Page:A Dictionary of Music and Musicians vol 3.djvu/303

From Wikisource
Jump to: navigation, search
This page needs to be proofread.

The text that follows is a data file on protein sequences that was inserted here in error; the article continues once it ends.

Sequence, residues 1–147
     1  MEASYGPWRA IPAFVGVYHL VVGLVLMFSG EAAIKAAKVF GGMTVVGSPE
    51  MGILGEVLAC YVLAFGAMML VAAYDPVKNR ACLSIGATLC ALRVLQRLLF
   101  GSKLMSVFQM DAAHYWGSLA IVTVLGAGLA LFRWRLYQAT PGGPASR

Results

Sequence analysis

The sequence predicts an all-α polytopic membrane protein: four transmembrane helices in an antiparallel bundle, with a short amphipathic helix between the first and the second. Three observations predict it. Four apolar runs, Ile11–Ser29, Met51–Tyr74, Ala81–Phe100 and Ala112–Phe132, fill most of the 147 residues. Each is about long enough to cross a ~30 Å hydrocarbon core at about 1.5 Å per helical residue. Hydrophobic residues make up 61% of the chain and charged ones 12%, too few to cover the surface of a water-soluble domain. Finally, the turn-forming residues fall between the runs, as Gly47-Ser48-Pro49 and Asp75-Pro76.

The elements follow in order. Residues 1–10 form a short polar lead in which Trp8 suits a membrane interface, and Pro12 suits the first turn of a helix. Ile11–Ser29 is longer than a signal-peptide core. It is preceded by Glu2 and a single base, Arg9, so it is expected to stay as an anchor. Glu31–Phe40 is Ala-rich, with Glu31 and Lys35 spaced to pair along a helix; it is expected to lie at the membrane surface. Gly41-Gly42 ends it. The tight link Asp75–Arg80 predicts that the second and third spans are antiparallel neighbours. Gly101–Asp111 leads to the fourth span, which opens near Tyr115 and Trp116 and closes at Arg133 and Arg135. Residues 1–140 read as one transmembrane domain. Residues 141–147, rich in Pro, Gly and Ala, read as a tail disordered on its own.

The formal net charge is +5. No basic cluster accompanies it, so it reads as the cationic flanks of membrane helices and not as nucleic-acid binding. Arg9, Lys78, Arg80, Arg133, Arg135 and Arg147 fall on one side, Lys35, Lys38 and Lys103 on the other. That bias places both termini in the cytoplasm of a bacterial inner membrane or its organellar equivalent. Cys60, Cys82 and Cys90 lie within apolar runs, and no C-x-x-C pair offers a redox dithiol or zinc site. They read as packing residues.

posed for the Duke of Chandos in 1720 and 1721, we should feel inclined to say that it had reached its full perfection, but for the still greater degree of sublimity attained in ' Deborah,' in 1733. After this, Handel's genius never flagged. Though his works succeeded each other with astonishing rapidity, no weakness or haste was perceptible in any of them : and, in all his Oratorios, Odes, Anthems, and other choral works, with English words, this massive style was used as the basis of everything. It dif- fered from the method of Seb. Bach, in many essential particulars ; and may easily be distin- guished from that of synchronous Masters by its stupendous breadth, and its scrupulous avoid- ance of harsh collisions. Its grandest effects are almost always produced when the means used seem the most simple: for Handel never wrote a multitude of notes when a few would answer his purpose. And hence it is that his Music bears, towards the greatest monuments of German Art, a relation not unlike that which Lord Prudhoe's Lions bear to those in Trafalgar Square a single touch, in the one, producing the effect which, in the other, cost fifty. Yet the touches were never rough. No less conspicuous than their strength was their unbroken Wohl- Iclang their never-failing pleasantness of sound. Even throughout the part of Polyphemus and, surely, we may look upon that as an extreme case the actual progressions are as smooth as Art can make them; and produce their effect, without the aid of that strange power of draw- ing Harmony out of Discord which forms so prominent a feature in the method of Seb. Bach. It is to the joint effect of this perfect Harmony and gigantic scale, that the style owes the recog- nition it has so long commanded. It is certain that our great-great-grandfathers liked it; and it says much for the audiences of the 1 8th century, that they were able to take pleasure in the un- adorned sublimity of many a grand conception, which can only be made endurable to the general public in the iQth, by the aid of a Regimental Band. 1 No School can possibly be formed, where there are no willing listeners : and, in this case, the genius of the Founder met its complement in the appreciative power of the audiences that gathered around him, at the King's Theatre, and Vauxhall, and the Chapel of the Foundling Hospital. But, as with Lulli in France, so it was with Handel in England. The School died out with the Master. Arne was in earnest, and did his best : yet, how could a man of ordinary stature carry on the work of a giant ? Arnold and the Hayes family were pigmies, even compared with Arne. There was no one else to take the lead in Sacred Music : but the Opera was not altogether neg- lected. In the hands of Storace, Dibdin, Hook,